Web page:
Clinical Usefulness of Boswellic Acids
Boswellic acids have been found effective in alleviation of rheumatoid arthritis (RA) and osteoarthritis (OA).2 A standardized extract of boswellic acids (200 mg tid) was evaluated in a four week double blind, cross-over trial in 30 patients suffering from RA. The mean arthritic score (sum of symptoms) and the biochemical index of inflammation in the group receiving boswellic acids came down significantly after the treatment. However, when the placebo was substituted (crossover), the subjective and objective indices of arthritis rose again.


In another 20-patient, double-blind, crossover study, a boswellia gum resin extract (200 mg tid) combined in an herbomineral formula was evaluated in the treatment of RA and separately in OA. Active and placebo treatments were given for a period of three months. After a washout period of two weeks the regimens were crossed-over. The three month active therapy resulted in a significant decrease in severity of pain, morning stiffness, improved joint mobility score, grip strength score and the overall disability score compared to the placebo group. The biochemical index of inflammation was also significantly improved due to the treatment.

Ulcerative colitis is an example of a chronic inflammatory process in the bowel, which may be caused and/or aggravated by excessive leukotriene production. Effects of Boswellia serrata gum resin (350 mg thrice daily for six weeks) vs. the NSAID sulfasalazine was studied in patients with ulcerative colitis. The tested parameters, including stool properties, histolopathology of rectal biopsies, and blood biochemistry improved after treatment with the gum resin. As a result of the treatment 82 percent of patients went into remission, as compared to a 75 percent remission rate obtained with sulfasalazine.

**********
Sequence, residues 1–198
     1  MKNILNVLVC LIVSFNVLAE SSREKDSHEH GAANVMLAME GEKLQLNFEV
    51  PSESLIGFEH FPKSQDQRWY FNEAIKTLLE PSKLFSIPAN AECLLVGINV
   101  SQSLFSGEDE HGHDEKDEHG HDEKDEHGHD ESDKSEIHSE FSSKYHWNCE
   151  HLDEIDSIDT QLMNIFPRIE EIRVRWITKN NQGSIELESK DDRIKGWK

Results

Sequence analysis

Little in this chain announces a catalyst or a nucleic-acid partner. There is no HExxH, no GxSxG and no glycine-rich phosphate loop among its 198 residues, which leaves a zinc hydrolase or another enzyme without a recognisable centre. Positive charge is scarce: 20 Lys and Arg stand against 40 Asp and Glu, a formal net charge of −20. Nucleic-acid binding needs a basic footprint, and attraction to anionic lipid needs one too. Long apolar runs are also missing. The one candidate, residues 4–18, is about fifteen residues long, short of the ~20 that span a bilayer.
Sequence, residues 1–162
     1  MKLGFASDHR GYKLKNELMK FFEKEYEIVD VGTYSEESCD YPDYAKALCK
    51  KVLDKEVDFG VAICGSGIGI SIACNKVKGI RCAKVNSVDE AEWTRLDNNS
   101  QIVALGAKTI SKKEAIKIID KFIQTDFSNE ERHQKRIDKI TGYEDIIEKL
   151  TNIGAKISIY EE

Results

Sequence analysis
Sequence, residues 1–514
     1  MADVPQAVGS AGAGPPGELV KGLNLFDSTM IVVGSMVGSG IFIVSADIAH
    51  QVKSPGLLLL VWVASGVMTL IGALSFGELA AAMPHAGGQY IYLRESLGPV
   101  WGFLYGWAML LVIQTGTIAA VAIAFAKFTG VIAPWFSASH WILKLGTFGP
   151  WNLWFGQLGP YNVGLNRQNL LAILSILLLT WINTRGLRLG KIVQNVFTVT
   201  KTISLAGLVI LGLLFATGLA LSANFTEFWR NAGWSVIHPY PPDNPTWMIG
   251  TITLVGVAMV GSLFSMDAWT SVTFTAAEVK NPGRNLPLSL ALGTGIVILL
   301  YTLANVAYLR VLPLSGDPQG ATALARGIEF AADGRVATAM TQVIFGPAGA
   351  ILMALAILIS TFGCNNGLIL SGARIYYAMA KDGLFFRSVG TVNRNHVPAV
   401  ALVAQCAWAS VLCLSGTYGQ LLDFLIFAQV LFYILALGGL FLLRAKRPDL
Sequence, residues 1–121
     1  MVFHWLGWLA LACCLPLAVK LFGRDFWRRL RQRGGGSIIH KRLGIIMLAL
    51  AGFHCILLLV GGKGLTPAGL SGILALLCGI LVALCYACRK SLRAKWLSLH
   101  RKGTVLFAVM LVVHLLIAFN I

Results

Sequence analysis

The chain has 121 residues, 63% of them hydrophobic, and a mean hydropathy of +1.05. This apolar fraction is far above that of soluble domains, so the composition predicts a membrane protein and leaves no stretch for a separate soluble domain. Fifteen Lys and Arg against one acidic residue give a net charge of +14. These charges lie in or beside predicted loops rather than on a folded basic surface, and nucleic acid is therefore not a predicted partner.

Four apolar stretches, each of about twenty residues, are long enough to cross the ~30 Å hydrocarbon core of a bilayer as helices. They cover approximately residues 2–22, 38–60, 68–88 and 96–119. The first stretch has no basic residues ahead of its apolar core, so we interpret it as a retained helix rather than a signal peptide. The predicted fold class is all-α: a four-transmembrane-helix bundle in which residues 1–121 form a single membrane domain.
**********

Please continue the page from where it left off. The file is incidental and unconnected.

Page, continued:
Boswellic Acids were also tested in the management of asthma, since a new generation of anti-asthmatic drugs is based on the premise of being leukotriene inhibitors. In a double blind, placebo-controlled study 40 patients with a several years' history of bronchial asthma were treated with 300 mg tid of boswellia gum resin for a period of six weeks. Seventy percent of the patients responded to the treatment as evidenced by a reduction in dyspnea, ronchi, and number of attacks, improvement in lung tests and blood biochemistry. Only 27 percent of the patients receiving placebo showed clinical improvement.

It should be noted that the potential of boswellic acids as a NSAID can only be fulfilled with proper standardization of the gum resin extract. Boswellin brand boswellic acids have used HPLC methods of analysis to standardize and validate the extract for the four main beta boswellic acids. Boswellin is standardized for a minimum 70% total organic acids, and no less than 25% of boswellic acids. This precise method of standardization is particularly important in view of the emerging importance of boswellic acids in health conditions ranging from minor to chronic inflammation requiring prolonged administration of a safe and predictable compound.

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Boswellic Acid